Ciminà: the home of caciocavallo

A breath-taking frame


Nestled in the Aspromonte National Park, Ciminà is located downstream, under the Tre Pizzi Mountain and very close to the Condojanni River. A town increasingly frequented by international tourists who are attracted by its labyrinth of streets, the unique dwellings carved in the purple Ciminà high tuff, and by the beautiful panoramic trekking routes, it is one of the most ancient homelands of the caciocavallo cheese.


A great history

Ciminà is located at only a few kilometres from the sea. Thank to its location and the abundance of the area it is a relaxing place where you can immerse yourself in the woods. A village that preserves its history, as demonstrated by the church dedicated to San Nicola di Bari, it dates back to the 17th century and was restored several times to repair the damage caused by the various earthquake that stuck the area over the years. Its foundation dates back to the 1453 by the Greeks and Albanians who moved here after the fall of Constantinople. They chose an almost naturally fortified place, the “Monte Tre Pizzi”, a place far from the sea that is difficult to reach by external attacks, making it suitable for agriculture and breeding. The first noble family to impose its supremacy in the municipality of Ciminà was the Marullo family of Messina, who acquired the title of Counts of Condojanni from King Ferdinand II of Sicily. They then sold the village to the Carafa di Roccella Jonica family, who reigned until the abolition of the feuds. Later, at the behest of the Bourbons, it came under the control of the town of Gerace in 1811.


Behind the origin of the name Ciminà there is presumably the cumin plant, commonly called cinimaia, used in the kitchen and known to contain almost magical therapeutic properties. It is also used for storing food and for preparing a liqueur called kumeel.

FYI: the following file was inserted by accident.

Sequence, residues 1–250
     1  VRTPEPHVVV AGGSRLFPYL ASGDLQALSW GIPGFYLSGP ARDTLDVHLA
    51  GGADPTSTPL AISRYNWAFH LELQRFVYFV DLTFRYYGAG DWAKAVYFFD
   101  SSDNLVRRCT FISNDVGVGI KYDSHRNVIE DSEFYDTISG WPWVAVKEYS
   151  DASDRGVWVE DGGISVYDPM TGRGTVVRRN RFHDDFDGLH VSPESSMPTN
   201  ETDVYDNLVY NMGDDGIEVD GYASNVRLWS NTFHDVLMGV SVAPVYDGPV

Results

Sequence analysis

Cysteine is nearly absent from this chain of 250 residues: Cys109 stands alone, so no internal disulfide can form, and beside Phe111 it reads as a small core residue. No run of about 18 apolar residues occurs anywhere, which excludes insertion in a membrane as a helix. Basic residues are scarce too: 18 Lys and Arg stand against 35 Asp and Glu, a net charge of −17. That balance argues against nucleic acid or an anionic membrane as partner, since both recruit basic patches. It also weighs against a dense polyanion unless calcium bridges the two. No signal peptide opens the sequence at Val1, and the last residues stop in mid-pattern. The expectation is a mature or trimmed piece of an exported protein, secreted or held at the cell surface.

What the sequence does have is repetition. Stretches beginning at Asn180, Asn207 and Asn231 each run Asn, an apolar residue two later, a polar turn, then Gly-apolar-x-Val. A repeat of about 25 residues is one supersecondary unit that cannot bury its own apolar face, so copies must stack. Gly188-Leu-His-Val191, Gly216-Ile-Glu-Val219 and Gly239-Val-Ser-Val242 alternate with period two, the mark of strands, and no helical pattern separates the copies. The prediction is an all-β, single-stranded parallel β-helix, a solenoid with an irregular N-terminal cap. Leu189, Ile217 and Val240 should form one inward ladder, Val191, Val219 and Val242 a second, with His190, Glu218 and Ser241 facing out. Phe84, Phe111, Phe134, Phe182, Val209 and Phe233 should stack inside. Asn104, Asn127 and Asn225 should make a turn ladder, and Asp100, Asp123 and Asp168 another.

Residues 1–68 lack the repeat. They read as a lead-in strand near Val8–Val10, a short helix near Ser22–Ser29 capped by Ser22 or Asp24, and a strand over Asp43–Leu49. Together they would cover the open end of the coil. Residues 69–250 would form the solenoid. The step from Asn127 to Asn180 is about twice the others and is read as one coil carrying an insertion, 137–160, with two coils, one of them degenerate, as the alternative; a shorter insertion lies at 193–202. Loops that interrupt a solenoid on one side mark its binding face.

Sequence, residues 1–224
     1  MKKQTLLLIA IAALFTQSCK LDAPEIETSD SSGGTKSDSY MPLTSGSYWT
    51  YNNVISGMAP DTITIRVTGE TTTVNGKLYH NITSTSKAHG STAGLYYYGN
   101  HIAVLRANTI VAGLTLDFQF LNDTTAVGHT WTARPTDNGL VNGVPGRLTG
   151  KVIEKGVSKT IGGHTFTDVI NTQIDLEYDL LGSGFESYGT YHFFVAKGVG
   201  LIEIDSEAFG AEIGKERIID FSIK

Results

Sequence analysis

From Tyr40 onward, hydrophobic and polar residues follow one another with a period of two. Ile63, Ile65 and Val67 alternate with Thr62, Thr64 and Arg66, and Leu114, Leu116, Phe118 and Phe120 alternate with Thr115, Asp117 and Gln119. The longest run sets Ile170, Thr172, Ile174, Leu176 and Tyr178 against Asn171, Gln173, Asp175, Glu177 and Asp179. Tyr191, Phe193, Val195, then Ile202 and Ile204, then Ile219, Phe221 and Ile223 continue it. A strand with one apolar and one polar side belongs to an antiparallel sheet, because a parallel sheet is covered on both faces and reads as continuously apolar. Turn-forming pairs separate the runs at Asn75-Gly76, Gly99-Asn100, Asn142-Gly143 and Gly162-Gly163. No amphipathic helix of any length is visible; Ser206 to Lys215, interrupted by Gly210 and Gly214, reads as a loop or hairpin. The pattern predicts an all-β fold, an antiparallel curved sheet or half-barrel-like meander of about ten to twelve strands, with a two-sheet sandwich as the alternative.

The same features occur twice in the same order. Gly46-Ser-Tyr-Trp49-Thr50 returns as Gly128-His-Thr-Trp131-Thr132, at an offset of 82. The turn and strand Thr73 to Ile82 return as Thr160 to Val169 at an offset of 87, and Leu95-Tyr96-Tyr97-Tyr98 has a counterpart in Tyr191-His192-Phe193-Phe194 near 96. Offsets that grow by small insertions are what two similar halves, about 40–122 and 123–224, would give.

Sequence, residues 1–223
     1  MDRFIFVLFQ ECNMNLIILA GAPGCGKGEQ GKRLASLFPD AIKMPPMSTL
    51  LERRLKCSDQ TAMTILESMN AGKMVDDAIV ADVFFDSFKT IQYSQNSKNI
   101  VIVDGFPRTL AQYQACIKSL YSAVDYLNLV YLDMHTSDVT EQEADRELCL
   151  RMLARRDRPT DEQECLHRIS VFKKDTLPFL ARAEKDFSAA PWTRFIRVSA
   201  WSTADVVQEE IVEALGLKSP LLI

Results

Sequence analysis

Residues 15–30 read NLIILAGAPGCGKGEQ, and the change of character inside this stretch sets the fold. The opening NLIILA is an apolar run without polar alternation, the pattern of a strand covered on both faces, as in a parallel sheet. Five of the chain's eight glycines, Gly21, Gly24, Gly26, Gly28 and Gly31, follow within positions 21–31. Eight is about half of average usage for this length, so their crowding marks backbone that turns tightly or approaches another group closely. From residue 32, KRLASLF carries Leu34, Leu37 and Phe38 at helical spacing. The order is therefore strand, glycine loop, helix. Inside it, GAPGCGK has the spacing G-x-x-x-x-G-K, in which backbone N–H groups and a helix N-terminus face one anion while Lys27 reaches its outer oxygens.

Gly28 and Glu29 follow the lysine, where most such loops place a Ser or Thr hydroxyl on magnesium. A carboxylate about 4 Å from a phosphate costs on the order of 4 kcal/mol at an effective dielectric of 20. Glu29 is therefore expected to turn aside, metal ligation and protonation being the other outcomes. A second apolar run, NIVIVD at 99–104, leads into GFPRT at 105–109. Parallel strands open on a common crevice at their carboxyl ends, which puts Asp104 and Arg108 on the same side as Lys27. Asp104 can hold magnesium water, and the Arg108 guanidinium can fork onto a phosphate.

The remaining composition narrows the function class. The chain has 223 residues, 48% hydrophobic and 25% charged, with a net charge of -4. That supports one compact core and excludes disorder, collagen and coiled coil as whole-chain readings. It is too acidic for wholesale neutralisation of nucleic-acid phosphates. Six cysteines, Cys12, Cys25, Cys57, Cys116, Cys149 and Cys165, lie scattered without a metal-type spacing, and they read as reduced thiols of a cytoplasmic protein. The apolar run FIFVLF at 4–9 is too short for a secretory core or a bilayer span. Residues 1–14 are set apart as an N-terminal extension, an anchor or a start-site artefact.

The pearls of the village

The Church of San Nicola di Bari is only one of the beautiful places that one can visit in the municipality of Ciminà. Dating back to the 17th century, it houses many works by local artists. Another point of interest in the town are its water mills, once the first source of income for most of the inhabitants.

A Slow Food Presidium Treasure

One of the enogastronomic pearls of Calabria, which exalts its Mediterranean goodness every day, is without a doubt the caciocavallo cheese, known throughout the world. This ancient cheese, of which Ciminà is one of its oldest origins, has a unique history. In fact, its ancestor seems to kaskaval, a spun paste produced in the Balkans. A great little treasure boats both tradition and delicacy. The caciocavallo from Ciminà is usually consumed fresh, within a few days of its production, and within a few weeks of seasoning, after which it releases flavour and aromas of extraordinary goodness. The purpose of this Presidium is to increase the production of larger caciocavallo cheese and to increase its aging process, so as to help producers expand their market. In this village, there about thirty producers of this type of cheese, but only some of them work every day for the market. The Presidium therefore intends to involve all the producers and bring them together in an association, so that the caciocavallo will become an important resource for the economic and social growth of the town.


Ciminà, 89040


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